confession: I hated kids camp.

I hated my first summer of kids camp. Hated it. Homesick, sad and lonesome. Suffered through the days and hoped to never go back.

Honestly, I never stop thinking about that 5th-grade-Becca camper when I am training my summer staff. And I never stop thinking about her all summer long when I see the misfits trying to work their way into their group of peers.

My trouble was that I was so dang excited to take the swim test. I had just completed swimming lessons a few weeks before and had mastered my underwater breathing and got a star next to the front crawl portion of my swim test. So when it came time to swim around the swimming area, I was ready to show the world my new skills.

Unfortunately, it was a wavy day. And as I turned to make my next long swim around the deep end, I turned my neck up to get my gulp of air and instead gulped a wave. They swam me over to the floating raft where I choked on the lake for a while.

All of this was deflating enough. Remember, I had skills I was going to show the world. But to make it truly worse, I was given a scarlet letter in the form of a purple wrist band that signified to all at camp, "this girl can't swim."

Horrible! I still ache for that fifth grade girl. I had plenty of friends there that week, but my confidence was shot and all I wanted to do was find my mom and tell her the whole horrible story.

My sister was there that week as a counselor in training, and she kept encouraging me to retake the test, because she knew I could swim, and just not do the fancy breathing. But I was too embarrassed. To show up for the retake test might be more humiliating than wearing a bright purple, inch thick bracelet all week long.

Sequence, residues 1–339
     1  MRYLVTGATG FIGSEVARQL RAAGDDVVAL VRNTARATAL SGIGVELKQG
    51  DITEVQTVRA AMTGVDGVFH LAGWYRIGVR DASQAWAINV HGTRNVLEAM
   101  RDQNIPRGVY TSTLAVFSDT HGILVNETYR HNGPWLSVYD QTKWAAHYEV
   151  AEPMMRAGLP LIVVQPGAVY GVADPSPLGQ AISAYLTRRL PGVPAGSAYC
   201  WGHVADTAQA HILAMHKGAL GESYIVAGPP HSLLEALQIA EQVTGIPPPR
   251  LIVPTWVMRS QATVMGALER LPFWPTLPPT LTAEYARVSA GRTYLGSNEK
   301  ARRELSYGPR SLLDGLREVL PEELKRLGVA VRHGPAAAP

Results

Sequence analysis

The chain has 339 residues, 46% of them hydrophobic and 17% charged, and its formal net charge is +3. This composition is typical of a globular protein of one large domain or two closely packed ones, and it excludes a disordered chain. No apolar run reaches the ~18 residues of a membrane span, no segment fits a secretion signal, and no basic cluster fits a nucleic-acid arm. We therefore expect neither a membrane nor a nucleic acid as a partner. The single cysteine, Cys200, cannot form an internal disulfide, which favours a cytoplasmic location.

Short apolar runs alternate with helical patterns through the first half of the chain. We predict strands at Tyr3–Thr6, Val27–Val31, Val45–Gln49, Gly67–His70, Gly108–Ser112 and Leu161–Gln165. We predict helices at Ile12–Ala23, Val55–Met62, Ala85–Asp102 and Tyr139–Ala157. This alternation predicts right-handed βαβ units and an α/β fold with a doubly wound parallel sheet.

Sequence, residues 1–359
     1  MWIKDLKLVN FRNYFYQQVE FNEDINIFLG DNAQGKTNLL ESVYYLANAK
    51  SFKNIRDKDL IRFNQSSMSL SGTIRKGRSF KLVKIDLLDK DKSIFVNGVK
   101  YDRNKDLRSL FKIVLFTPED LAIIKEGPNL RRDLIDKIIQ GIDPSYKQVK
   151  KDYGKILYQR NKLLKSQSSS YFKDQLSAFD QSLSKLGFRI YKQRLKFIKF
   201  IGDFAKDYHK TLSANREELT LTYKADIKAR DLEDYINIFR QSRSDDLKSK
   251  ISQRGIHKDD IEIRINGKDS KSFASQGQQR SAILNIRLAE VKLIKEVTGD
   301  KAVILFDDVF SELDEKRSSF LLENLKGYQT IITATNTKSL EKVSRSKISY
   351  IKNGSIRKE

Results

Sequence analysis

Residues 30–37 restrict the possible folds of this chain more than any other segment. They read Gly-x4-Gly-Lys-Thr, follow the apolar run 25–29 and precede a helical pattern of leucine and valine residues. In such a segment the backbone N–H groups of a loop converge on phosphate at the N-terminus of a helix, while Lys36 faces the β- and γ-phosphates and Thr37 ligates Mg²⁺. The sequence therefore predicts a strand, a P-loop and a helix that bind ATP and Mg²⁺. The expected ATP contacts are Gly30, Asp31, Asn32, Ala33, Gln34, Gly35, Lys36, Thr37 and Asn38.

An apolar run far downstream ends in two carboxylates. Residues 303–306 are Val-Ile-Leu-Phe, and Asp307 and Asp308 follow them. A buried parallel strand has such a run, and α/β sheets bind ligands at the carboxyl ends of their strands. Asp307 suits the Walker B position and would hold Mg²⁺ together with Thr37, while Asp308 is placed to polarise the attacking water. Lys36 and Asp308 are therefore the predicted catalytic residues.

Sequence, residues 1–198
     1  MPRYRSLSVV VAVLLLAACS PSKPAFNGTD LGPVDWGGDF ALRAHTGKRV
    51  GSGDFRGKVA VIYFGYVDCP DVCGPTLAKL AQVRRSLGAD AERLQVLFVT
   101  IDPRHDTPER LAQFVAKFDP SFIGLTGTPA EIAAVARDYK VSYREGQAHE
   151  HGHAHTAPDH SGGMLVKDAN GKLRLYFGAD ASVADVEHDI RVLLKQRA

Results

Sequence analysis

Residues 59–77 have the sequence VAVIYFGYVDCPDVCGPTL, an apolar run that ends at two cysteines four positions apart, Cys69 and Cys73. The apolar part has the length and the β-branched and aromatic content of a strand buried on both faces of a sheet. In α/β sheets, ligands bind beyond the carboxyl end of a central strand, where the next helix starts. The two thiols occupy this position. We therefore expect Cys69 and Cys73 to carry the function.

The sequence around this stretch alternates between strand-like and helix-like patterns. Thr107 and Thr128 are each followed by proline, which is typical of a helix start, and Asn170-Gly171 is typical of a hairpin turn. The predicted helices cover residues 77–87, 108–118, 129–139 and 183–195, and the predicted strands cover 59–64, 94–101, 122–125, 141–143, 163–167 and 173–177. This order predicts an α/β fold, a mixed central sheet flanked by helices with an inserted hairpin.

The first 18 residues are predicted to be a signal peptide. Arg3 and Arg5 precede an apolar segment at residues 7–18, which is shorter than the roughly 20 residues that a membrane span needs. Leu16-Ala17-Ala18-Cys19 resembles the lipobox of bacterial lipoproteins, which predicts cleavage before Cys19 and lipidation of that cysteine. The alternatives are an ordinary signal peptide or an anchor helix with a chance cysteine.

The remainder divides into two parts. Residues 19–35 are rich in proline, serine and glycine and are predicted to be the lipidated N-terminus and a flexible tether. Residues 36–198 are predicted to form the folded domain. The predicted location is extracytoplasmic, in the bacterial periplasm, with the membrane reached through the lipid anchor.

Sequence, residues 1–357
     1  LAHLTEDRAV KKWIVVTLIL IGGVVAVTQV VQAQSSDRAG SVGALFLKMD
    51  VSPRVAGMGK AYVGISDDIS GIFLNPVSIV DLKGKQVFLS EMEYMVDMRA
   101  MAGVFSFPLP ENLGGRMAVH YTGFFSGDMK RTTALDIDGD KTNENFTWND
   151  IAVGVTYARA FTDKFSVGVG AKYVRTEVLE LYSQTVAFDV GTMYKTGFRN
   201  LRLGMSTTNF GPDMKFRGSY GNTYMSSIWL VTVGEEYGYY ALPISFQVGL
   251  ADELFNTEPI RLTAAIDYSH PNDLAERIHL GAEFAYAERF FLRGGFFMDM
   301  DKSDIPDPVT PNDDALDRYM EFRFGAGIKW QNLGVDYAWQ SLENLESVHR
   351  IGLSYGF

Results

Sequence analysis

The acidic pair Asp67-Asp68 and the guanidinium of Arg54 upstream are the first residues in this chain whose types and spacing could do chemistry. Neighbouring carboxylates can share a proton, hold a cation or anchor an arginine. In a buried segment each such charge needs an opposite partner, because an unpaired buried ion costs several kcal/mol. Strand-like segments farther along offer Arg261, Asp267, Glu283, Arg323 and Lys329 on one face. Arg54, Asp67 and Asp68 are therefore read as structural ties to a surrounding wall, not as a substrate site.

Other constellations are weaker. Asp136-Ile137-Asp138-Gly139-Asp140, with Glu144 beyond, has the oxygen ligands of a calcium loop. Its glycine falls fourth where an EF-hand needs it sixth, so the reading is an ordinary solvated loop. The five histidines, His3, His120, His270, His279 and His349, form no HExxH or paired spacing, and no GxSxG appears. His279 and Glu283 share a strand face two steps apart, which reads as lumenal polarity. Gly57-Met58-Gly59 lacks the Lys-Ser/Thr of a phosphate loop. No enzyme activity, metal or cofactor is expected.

My counselors that week were mediocre at best, and I remember one discussion where they announced that we couldn't canoe to the picnic area across the lake because "not all of us had passed the swim test." But then they found a lifeguard who could go along, as long as she was in my canoe.

I think about those counselors, too, when I'm training my summer staff. It's not okay to be mediocre. It's not okay to be that oblivious to the pain one of your campers is suffering through.

So that's my job now: to train our staff to find these suffering souls and to love on them! To make sure that camp might just be the one place where they actually fit in and feel gifted and empowered and safe.

There's no real happy ending to that purple bracelet story. Maybe it built some character. I didn't go back to that camp for another four years, and only went because I had friends who begged me to join them.

I passed the swim test that time around, and it was Christmastime before I clipped that pink bracelet off my wrist.

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